18. DisturbedMary says:

    An old friend who was a GI in the Korean War told me that he was in a troop convoy driving on a narrow dangerous twisting mountain road and the truck ahead plunged over the cliff. The Korean soldiers all about him laughed hysterically at the tragedy that befell their fellow soldiers. All my friend could make of it was that maybe it was emotinal relief that it wasn’t their truck that fell. Like a banana peel “joke.”

    Makes me think the psychology of what we’re seeing is more complicated than what we call “mourning.”

  19. chonak says:

    Perhaps, as Scott Ott quipped, they are mourning because the body has already been embalmed and is therefore no longer edible.

  20. jeffmcl says:

    North Korean leader dies, or Catholic Charismatic Mass… You decide.

  21. Johnno says:

    Makes me wonder a bit… obviously this ‘grief’ is a forced one upon the people by the state. Those who don’t will be put on the ‘watch list’ or worse…

    But I recall it might be a reminder of how things were done way back then when a leader or king died. There’d be a public display of mourning. I imagine this is what it was like in Biblical times too. Not that I’m comparing Kim Jong Il to the Old Testament heroes and Patriarchs. I’m just saying this is what it reminded me of…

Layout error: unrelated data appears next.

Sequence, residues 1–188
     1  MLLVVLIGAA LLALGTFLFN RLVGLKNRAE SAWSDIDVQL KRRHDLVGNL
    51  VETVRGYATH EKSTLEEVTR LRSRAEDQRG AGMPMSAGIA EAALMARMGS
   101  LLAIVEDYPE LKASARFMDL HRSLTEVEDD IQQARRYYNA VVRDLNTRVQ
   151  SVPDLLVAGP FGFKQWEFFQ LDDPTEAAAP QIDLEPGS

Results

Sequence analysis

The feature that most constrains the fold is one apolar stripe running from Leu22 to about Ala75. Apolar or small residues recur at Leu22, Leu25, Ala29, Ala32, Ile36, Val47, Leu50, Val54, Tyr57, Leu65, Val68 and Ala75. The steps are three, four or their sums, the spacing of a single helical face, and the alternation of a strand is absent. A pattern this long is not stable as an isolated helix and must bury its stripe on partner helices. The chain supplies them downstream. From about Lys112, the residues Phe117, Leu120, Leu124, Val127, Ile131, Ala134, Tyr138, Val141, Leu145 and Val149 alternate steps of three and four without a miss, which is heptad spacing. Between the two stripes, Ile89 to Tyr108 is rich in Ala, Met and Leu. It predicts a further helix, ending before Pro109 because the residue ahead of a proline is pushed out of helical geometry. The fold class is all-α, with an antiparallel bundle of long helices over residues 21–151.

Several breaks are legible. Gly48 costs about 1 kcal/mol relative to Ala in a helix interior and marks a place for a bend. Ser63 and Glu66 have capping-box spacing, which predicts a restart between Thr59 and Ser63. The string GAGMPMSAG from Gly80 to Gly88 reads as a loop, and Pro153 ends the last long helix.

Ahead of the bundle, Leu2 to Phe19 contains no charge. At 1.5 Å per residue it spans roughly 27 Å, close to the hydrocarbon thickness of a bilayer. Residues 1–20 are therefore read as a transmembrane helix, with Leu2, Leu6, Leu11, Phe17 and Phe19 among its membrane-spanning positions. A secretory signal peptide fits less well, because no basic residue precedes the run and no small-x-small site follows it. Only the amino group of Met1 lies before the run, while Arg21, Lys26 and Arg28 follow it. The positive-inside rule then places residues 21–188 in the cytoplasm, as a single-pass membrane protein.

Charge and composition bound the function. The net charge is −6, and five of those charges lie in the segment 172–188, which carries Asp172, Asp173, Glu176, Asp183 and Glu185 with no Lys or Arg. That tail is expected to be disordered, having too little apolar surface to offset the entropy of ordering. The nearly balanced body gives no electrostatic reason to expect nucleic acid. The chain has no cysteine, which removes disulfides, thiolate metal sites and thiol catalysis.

22. inara says:

    DisturbedMary ~ our 5 adopted children who lived in poverty or an orphanage till they came here between the ages of 4-8 do the same thing…whenever someone is hurt or killed on TV, they slap their knees & guffaw (we’re pretty vigilant about what they get to watch, but these types of things still come up, even in family fare). They used to do it to each other & their homemade siblings as well, even if they caused the injury themselves. I think it must be a coping mechanism people learn when they are constantly surrounded by pain, death & loss. :o(

  23. Maltese says:

    If they don’t weep for the “Great Leader”, woe be unto them! Likewise, they better cheer, cry happy-tears for the “Great Succsesor”, or woe betide them!

  24. elaine says:

    Seems very put on for the cameras. Exactly as Johnno says. They are afraid if they aren’t seen weeping they will be put on a watch list. Maybe they are hopeful that those who grieve the loudest will be rewarded by the state.